Assad chemical attack: Perfectly timed to extract further concessions from the West
Tuesday's chemical attack by the Syrian regime is perfectly timed to highlight the impotence and weakness of the West and place further pressure on it to restore ties with Damascus.
Early on Tuesday, warplanes carried out air strikes on the town of Khan Sheikhoun in Idlib province using sarin nerve gas. Later, they fired rockets at local clinics treating the wounded, killing many more.
The regime is further raising the stakes and the political cost for the West of not cooperating
At the time of writing, at least 72 Syrians are believed to have died.
The attack occurred on the same day that the European Union was hosting in Brussels a large international funding conference for Syria – which was initially supposed to focus on reconstruction but was scaled down – and while the US administration sends mixed signals with regards to its policy toward Syrian President Bashar al-Assad.
In other words, while the regime is sensing a gradual shift toward a restoration of ties, it knows the West is not there yet.
Thus, rather than making concessions or political gestures, the regime is further raising the stakes and the political cost for the West of not cooperating.
The humiliated West
Assad knows that he has nothing to lose from carrying out the strikes. The EU is not yet ready to resume its ties anyway, while the United States is still hesitant. As to the outcry over the attack, at most, it will last a few weeks, as has been the case since 2011.
Any restoration of ties and funding will not have much to do with the well-being of Syrians, but rather with the political credibility of the West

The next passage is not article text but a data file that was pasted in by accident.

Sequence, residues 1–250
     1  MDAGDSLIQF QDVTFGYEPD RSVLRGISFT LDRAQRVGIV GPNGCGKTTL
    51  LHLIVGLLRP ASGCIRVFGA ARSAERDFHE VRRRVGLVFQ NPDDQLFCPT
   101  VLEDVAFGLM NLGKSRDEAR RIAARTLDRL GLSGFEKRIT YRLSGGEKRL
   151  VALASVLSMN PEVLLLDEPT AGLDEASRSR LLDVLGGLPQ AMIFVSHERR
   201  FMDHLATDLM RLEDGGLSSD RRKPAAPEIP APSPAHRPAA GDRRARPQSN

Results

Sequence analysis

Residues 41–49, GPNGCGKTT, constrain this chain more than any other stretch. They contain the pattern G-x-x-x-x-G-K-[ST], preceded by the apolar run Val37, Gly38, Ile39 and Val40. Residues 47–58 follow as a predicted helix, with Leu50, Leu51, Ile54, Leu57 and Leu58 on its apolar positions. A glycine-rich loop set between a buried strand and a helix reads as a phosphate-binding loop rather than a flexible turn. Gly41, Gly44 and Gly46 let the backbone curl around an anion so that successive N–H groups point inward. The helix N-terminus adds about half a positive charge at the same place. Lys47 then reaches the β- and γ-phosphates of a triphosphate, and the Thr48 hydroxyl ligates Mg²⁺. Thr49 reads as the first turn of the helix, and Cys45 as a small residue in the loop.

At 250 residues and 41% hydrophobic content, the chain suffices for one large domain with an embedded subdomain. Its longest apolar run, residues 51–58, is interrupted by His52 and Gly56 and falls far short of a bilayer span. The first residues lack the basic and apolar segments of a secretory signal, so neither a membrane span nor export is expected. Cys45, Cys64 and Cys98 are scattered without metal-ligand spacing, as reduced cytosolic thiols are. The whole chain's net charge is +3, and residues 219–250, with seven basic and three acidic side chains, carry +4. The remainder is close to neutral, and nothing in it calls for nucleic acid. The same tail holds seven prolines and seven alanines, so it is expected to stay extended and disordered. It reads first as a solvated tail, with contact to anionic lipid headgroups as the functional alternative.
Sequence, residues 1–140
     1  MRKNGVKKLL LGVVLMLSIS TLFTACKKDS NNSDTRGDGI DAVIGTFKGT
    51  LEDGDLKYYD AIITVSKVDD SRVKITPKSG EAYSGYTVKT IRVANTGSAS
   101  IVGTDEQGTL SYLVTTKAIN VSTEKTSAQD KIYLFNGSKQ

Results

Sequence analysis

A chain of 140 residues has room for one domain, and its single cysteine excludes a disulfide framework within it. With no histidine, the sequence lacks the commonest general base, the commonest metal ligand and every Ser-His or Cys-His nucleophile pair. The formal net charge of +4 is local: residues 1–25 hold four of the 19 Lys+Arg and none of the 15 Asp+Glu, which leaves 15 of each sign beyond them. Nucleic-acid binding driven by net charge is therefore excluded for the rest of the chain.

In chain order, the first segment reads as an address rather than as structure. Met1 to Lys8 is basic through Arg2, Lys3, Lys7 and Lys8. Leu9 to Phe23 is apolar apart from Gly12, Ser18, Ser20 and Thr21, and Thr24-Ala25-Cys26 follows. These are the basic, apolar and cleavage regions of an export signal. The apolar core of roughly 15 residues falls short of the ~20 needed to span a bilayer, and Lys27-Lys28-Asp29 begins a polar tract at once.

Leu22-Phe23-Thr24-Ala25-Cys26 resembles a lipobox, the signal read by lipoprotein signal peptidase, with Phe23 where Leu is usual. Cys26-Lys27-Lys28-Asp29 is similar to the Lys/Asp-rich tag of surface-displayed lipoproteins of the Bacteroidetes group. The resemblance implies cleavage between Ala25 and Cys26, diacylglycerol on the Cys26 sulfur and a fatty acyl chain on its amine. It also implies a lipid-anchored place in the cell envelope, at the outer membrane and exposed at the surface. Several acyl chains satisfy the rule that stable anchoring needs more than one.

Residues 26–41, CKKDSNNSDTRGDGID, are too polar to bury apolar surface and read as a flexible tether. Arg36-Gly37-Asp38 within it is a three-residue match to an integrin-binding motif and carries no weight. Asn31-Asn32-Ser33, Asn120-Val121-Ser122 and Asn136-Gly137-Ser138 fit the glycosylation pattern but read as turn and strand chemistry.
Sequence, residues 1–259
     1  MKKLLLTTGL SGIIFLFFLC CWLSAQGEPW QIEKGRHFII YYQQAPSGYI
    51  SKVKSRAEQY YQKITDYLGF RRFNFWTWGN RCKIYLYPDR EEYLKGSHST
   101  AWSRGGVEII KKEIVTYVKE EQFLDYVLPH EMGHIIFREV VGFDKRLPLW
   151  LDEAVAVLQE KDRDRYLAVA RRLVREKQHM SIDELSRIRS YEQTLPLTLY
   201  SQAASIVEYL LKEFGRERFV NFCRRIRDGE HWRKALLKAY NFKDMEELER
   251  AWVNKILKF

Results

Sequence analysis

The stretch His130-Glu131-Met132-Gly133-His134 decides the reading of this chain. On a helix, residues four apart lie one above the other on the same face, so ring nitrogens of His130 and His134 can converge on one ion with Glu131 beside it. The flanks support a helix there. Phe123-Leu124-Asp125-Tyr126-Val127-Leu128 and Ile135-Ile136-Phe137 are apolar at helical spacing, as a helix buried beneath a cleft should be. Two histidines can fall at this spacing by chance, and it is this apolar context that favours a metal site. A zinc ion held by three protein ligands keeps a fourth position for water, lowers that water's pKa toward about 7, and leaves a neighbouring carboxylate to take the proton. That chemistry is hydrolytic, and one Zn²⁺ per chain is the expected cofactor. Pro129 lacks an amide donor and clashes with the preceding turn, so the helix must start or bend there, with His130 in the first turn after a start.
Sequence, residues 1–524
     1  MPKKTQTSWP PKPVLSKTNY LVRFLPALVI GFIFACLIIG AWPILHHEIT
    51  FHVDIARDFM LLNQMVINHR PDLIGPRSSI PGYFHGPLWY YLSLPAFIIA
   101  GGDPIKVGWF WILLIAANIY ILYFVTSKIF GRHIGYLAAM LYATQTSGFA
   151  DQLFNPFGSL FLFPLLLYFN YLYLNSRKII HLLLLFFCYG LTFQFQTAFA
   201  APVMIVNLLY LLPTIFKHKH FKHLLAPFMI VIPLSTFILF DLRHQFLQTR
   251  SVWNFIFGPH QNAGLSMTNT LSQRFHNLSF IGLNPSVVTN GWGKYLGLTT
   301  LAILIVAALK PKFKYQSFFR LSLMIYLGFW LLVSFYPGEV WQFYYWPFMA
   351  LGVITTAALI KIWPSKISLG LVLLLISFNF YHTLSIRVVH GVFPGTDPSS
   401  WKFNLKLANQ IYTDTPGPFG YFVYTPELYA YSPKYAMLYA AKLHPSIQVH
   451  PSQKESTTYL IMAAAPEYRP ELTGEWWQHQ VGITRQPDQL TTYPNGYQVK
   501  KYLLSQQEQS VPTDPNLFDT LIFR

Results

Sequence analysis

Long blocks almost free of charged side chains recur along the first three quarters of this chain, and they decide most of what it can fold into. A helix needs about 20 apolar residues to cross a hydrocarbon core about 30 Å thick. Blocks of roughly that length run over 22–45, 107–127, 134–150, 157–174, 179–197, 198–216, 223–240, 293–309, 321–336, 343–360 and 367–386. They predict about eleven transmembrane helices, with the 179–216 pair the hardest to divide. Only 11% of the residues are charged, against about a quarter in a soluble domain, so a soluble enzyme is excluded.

By committing large-scale massacres, the regime shows to the world the West’s impotence and weakness, delegitimising all the political values it claims to be standing for. “You do not want to restore ties? I will kill more civilians and show the world how impotent and cowardly you are.”
The more the attack is publicised, the more the West is humiliated – hence the timing of the attack during the Brussels conference.
As soon as the outcry fades, pro-regime analysts, bureaucrats and politicians in the EU and US will complete the regime’s job and push for restoring ties and accepting the regime's blackmail “for the sake of protecting Syrian civilians and improving their livelihood".
Obviously, any restoration of ties and funding will not have much to do with the well-being of Syrians, but rather with the political credibility of the West.
Since former US President Barack Obama’s green light in September 2013, Assad knows that a large-scale attack against its civilians is a short-term public relations liability, but a long-term political asset.
In the next few months, as long as the West is not ready to acquiesce to the regime's demands, expect further spectacular massacres.
- Jihad Yazigi is a journalist based in Beirut. He is the editor-in-chief of The Syria Report, an online economic bulletin specialised on the Syrian economy that he founded in 2001.
The views expressed in this article belong to the author and do not necessarily reflect the editorial policy of Middle East Eye.
Photo: A Syrian child receives treatment at a small hospital in the town of Maaret al-Noman following a suspected toxic gas attack in Khan Sheikhun, a nearby rebel-held town in Syria’s northwestern Idlib province, on 4 April 2017 (AFP)
This article is available in French on Middle East Eye French edition.